Don't shove...there's room enough here at Cartoon Saturday for everyone who needs a break from the relentlessly bad news.

For Cartoon Saturday's special Valentine's Day edition, we have a mix of old classic and new classic cartoons that pull the concealing veil off the reality of love ...

This cartoon has been in my collection for years, and pretty much sums things up ...

The sentiment is updated pretty well by this more contemporary cartoon from the wonderfully twisted comic strip Lio ...

You can say it with flowers, or you can say it with ... well ... never mind ...

Disclaimer: this was not how Agnes and I celebrated our 25th anniversary ...

There are Valentines, and there are Valentines. I've never gotten one quite like this, but it's been close ...

And finally, I loved this one if only because it was such a clever and unexpected twist on the old Cupid thing ...

If you haven't been to the big blogparty at Craziequeen's Palace yet, check it out right still have a few hours before it's over, and she's got a great virtual dance floor!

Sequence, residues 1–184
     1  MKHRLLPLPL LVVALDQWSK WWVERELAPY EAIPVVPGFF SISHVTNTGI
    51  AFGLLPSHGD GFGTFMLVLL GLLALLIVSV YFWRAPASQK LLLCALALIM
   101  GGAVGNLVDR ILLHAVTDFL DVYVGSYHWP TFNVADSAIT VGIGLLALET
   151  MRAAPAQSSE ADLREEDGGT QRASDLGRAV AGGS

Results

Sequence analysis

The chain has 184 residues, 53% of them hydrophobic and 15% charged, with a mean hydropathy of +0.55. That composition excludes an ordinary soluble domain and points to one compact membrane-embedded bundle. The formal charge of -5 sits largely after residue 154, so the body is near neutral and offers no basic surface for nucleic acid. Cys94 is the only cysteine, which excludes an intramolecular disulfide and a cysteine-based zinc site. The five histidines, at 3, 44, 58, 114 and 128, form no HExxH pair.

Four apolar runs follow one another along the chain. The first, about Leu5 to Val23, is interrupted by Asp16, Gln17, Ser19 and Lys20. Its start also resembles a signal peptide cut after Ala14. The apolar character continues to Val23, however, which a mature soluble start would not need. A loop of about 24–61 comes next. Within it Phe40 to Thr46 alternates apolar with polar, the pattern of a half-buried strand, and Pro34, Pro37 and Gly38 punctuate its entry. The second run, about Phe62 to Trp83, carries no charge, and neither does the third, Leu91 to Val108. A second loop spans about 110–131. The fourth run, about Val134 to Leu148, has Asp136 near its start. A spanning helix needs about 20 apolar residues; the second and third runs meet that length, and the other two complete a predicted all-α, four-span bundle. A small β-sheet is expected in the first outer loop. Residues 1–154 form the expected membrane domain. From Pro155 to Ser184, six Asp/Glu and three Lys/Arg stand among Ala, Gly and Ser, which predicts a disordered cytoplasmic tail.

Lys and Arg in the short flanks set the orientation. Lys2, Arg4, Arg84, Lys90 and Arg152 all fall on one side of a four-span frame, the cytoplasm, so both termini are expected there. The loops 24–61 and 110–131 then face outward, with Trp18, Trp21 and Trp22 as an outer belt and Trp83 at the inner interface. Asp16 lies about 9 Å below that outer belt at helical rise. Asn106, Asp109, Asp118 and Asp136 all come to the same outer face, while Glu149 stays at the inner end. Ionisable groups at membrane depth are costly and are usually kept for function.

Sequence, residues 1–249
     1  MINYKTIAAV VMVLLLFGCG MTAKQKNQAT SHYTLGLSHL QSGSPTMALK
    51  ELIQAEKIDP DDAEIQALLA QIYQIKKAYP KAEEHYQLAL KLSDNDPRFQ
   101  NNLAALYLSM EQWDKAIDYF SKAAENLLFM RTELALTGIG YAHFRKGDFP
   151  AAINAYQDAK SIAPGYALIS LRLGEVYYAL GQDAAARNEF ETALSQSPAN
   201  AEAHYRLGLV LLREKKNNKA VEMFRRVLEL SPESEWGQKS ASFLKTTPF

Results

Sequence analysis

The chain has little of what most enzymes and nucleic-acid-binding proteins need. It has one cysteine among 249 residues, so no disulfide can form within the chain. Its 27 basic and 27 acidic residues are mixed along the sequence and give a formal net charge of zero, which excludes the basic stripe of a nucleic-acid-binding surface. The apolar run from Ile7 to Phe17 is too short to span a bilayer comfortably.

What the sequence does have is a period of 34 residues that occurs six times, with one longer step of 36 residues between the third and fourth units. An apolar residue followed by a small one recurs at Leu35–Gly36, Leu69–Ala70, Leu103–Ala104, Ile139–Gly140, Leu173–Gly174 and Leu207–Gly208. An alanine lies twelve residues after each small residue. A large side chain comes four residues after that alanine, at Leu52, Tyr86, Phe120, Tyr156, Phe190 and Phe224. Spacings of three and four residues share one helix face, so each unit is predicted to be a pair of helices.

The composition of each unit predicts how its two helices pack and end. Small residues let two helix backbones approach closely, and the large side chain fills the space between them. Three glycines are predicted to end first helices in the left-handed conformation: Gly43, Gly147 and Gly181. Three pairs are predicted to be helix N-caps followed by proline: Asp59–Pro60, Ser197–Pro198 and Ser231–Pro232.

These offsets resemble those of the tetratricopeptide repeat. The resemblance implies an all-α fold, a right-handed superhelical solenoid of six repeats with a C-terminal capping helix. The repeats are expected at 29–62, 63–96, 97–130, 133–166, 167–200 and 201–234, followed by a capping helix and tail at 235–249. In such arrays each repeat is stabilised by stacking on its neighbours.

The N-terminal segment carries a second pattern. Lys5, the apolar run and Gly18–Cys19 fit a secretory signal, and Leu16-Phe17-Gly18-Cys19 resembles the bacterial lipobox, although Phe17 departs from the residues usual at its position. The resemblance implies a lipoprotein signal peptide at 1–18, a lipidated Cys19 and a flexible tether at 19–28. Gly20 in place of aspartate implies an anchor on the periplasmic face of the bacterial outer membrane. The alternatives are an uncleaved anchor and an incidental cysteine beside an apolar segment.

And speaking of dance floors, we had a great Valentine's party at Studio One last night. There was a nice, very red crowd ... yes, that's me in the front, with Agnes's gently restraining hand on my shoulder ...

The ladies had a good time with Leslie's "Build Your Own Boyfriend" kit. You'd be surprised at the variety of different stick-on clothes and accessories that found their way to the figure's ... um ... nether regions. And Melissa did, finally, get something to eat.

Hope you have a fun Valentine's Day with your beloved. Or with your husband or wife, ha, ha. Don't forget Craziequeen's blogparty.

Have a good day. More thoughts tomorrow.


Friday, February 13, 2009

Countdown to Valentine's Day, and Becoming a Better Person

Yesterday I shared with you the approach to Valentine's Day taken in the progressive and gentle kingdom of Saudi Arabia, where the religious police enforce a ban on things red in the days leading up to that horribly satanic day. Today, we have this interesting article, sent to me by my friend Leslie: "Loose" Women Launch Pink Panty Protest. Yes, lest you think that only ultra-conservative Muslim clerics with their clue chutes up and welded shut get hysterical about Valentine's Day, from India comes this story about normal women protesting the self-appointed morality police of the ultra-conservative Hindu organization Sri Ram Sena. The ladies say their mission is to "go bar-hopping on February 14 and send hundreds of pink knickers to Sri Ram Sena," which believes that pubs are for men and that women should stay home, have children, and cook meals for their men. Go, ladies!